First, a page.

Study objective: We evaluate recent trends in emergency department (ED) crowding and its potential causes by analyzing ED occupancy, a proxy measure for ED crowding.
Methods: We analyzed data from the annual National Hospital Ambulatory Medical Care Surveys from 2001 to 2008. The surveys abstract patient records from a national sample of hospital EDs to generate nationally representative estimates of visits. We used time of ED arrival and length of ED visit to calculate mean and hourly ED occupancy.
Results: During the 8-year study period, the number of ED visits increased by 1.9% per year (95% confidence interval 1.2% to 2.5%), a rate 60% faster than population growth. Mean occupancy increased even more rapidly, at 3.1% per year (95% confidence interval 2.3% to 3.8%), or 27% during the 8 study years. Among potential factors associated with crowding, the use of advanced imaging increased most, by 140%. But advanced imaging had a smaller effect on the occupancy trend than other more common throughput factors, such as the use of intravenous fluids and blood tests, the performance of any clinical procedure, and the mention of 2 or more medications. Of patient characteristics, Medicare payer status and the age group 45 to 64 years accounted for small disproportionate increases in occupancy.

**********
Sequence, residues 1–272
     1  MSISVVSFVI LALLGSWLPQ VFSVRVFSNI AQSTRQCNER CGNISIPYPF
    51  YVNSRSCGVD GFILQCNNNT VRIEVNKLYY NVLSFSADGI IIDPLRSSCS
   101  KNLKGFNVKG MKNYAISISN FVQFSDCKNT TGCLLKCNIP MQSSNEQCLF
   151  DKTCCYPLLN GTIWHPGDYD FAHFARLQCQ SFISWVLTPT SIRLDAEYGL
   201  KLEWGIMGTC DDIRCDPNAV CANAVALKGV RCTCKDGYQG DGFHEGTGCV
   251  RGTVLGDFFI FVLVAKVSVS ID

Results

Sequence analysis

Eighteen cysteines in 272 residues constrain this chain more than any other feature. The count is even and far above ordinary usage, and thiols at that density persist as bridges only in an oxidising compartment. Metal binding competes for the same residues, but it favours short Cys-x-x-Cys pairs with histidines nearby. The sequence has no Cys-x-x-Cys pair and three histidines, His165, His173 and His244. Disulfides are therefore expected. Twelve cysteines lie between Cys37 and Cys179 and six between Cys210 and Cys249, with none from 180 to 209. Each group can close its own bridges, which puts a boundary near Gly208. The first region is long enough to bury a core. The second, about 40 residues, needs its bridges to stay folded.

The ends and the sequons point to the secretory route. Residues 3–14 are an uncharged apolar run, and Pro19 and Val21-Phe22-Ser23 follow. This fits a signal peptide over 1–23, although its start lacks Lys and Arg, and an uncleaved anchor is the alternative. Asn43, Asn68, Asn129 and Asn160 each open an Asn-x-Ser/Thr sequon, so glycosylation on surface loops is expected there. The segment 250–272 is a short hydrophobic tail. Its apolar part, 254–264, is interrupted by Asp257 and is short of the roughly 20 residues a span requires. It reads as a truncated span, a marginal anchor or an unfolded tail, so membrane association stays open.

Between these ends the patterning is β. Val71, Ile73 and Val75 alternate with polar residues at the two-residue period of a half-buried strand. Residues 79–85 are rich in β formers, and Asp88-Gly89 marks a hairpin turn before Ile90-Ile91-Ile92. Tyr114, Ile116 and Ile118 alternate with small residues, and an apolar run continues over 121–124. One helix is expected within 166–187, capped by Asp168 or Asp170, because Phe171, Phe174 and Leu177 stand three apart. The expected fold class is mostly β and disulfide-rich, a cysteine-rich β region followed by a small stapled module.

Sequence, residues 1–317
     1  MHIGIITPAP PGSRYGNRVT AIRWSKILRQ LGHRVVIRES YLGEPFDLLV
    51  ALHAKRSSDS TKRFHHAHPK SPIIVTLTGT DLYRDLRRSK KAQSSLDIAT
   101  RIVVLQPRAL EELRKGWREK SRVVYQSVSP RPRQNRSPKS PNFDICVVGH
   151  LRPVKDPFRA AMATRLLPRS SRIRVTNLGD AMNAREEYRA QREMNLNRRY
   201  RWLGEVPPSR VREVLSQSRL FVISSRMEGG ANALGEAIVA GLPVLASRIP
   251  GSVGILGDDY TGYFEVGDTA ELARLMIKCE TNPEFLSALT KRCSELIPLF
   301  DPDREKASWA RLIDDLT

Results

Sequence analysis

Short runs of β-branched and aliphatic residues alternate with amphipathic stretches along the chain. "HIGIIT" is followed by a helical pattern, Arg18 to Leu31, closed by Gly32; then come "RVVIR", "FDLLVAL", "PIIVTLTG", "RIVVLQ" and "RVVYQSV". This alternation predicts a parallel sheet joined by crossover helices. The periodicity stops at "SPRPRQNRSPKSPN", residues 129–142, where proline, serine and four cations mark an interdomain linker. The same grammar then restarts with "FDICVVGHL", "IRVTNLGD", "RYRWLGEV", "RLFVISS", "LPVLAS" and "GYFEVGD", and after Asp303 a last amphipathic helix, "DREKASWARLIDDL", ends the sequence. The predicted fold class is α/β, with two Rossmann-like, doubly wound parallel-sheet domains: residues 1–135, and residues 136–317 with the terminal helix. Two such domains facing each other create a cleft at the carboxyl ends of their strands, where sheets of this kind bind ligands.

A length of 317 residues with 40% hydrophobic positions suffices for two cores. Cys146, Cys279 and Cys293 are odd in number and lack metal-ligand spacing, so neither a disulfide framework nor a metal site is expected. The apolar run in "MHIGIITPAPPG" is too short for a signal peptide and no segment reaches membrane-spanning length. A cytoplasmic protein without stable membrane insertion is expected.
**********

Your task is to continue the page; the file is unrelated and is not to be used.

Conclusion: Despite repeated calls for action, ED crowding is getting worse. Sociodemographic changes account for some of the increase, but practice intensity is the principal factor driving increasing occupancy levels. Although hospital admission generated longer ED stays than any other factor, it did not influence the steep trend in occupancy.
Copyright © 2012. Published by Mosby, Inc.